Fairtrade International Executive Director Harriet Lamb on the challenges facing the global Fairtrade movement following its 25th Anniversary.

Read the full story on Fairtrade’s 25th Anniversary

The real cost of cheap tea

fairtradeblog:

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According to an interview with Tesco boss Philip Clark this weekend, this may be the start of the end of the era of cheap food – with a recognition that to keep farmers farming, and wanting to sell to the UK, we may have to start paying higher prices for our food. We should see that as good – not bad - news, says Barbara Crowther, Director of Policy & Public Affairs.

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We were all saddened and shocked at the loss of Raul del Aguila, a global leader for trade justice, a dedicated fair trader, a coffee man, and a friend.
“Raúl was a tireless servant advocating for trade justice and pushing for the interests of the small producers everywhere,” said Marike de Pena, Vice-Chair of the Board at Fairtrade International, President of CLAC, and Director of Banelino, a banana cooperative in the Dominican Republic.
Read more here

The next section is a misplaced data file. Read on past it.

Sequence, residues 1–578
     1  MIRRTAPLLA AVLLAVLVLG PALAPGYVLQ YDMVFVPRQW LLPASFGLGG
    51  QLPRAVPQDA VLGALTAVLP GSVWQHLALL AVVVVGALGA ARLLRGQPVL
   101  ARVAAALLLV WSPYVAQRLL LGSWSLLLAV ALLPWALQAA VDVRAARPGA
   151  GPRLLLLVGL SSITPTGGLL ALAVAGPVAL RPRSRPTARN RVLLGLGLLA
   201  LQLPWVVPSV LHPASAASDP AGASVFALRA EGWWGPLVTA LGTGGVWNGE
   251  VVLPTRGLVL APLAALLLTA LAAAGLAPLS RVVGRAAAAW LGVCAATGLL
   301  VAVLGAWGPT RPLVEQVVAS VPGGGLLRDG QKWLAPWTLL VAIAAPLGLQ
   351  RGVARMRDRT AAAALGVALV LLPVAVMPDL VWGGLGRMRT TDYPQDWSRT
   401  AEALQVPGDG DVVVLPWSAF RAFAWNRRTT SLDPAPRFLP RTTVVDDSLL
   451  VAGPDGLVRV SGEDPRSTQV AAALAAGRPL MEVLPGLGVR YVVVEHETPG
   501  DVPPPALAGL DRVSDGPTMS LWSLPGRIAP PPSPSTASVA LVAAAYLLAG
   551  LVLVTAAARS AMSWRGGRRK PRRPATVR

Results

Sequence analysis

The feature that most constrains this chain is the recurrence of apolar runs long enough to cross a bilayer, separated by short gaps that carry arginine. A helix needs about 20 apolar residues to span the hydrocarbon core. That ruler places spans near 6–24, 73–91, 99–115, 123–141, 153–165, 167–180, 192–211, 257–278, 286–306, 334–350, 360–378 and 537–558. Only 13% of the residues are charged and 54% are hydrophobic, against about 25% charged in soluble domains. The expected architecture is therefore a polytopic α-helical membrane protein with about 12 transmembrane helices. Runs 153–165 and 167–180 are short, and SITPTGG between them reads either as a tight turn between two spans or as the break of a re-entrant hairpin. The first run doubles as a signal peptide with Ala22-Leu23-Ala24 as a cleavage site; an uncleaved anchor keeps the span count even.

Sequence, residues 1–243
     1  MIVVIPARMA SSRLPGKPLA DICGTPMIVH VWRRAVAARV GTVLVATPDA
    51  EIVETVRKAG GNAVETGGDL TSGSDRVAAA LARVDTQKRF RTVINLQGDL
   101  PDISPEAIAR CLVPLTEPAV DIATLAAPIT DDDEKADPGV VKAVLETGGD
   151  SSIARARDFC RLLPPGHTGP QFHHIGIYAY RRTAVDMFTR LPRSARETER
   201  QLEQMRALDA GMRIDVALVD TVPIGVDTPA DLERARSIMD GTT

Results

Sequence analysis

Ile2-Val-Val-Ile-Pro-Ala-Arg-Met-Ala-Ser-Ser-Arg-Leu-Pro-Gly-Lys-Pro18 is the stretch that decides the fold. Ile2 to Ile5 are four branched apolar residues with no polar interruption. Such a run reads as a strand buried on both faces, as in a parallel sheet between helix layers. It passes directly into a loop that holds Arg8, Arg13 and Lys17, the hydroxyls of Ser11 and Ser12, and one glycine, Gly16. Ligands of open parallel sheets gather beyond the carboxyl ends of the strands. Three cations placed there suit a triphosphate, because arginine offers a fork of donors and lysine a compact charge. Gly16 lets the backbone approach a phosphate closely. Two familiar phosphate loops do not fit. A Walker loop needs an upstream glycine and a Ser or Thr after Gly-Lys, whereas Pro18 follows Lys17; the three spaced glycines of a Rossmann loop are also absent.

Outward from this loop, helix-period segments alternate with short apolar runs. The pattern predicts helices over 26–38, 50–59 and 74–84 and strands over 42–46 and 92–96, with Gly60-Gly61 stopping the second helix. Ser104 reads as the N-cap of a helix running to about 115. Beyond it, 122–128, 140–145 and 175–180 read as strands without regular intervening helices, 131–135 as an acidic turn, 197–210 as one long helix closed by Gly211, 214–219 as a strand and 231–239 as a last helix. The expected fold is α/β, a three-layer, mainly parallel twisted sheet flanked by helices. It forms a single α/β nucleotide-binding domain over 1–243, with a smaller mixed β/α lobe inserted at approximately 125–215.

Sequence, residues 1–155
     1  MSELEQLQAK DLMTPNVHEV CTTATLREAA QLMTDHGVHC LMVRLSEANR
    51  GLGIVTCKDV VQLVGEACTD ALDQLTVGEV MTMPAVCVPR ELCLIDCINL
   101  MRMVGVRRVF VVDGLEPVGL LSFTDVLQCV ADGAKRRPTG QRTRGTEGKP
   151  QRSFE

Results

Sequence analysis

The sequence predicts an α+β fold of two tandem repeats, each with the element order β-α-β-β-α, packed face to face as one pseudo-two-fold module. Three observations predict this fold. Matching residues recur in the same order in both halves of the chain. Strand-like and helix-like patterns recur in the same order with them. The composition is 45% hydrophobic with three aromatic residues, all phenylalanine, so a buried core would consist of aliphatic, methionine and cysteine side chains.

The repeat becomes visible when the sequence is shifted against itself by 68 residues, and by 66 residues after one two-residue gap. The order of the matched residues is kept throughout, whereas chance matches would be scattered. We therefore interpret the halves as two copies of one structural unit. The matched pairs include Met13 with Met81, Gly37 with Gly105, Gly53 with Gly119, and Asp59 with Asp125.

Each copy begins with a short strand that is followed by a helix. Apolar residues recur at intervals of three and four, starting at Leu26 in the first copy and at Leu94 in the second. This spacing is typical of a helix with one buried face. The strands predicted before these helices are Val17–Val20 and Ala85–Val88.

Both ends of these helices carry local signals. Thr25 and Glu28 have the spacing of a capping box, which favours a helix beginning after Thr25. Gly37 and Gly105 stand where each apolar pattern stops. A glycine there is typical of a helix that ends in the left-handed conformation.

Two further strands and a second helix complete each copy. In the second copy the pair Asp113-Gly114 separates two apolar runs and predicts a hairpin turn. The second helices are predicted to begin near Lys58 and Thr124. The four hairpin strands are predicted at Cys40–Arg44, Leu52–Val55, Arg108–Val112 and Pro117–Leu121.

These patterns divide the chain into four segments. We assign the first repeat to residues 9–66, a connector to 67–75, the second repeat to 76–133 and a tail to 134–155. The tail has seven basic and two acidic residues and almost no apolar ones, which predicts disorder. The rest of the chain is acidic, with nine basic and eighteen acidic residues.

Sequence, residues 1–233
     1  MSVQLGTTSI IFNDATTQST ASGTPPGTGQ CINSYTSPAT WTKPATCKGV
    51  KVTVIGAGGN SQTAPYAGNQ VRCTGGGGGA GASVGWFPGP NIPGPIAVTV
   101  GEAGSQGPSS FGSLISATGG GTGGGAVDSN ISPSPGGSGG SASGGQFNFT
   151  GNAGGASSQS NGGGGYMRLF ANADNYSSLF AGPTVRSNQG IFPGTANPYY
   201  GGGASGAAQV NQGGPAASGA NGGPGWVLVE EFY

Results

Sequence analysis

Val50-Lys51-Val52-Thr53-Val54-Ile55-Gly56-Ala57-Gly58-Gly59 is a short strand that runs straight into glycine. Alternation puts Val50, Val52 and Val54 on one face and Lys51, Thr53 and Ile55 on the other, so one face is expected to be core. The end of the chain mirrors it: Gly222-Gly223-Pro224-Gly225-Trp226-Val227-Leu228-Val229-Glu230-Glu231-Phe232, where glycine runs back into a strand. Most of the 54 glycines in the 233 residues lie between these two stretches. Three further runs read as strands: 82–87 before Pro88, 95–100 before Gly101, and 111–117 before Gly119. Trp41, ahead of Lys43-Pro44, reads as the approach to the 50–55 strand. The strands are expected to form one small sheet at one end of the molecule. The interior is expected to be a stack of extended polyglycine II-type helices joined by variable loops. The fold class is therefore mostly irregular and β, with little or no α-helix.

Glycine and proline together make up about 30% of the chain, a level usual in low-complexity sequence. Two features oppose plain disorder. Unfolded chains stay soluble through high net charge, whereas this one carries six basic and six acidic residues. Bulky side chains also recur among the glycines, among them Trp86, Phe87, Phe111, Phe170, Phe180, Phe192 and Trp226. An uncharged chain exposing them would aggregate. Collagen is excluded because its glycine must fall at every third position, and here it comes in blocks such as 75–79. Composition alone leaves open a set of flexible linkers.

We were all saddened and shocked at the loss of Raul del Aguila, a global leader for trade justice, a dedicated fair trader, a coffee man, and a friend.

“Raúl was a tireless servant advocating for trade justice and pushing for the interests of the small producers everywhere,” said Marike de Pena, Vice-Chair of the Board at Fairtrade International, President of CLAC, and Director of Banelino, a banana cooperative in the Dominican Republic.

Read more here

The international Fairtrade system is up and running in the USA. Following the departure of Fair Trade USA from the global association, Fairtrade International, our members and partners, and a diverse group of stakeholders has been working to build a new organization. Check out the website throughout Fair Trade Month to keep up to date.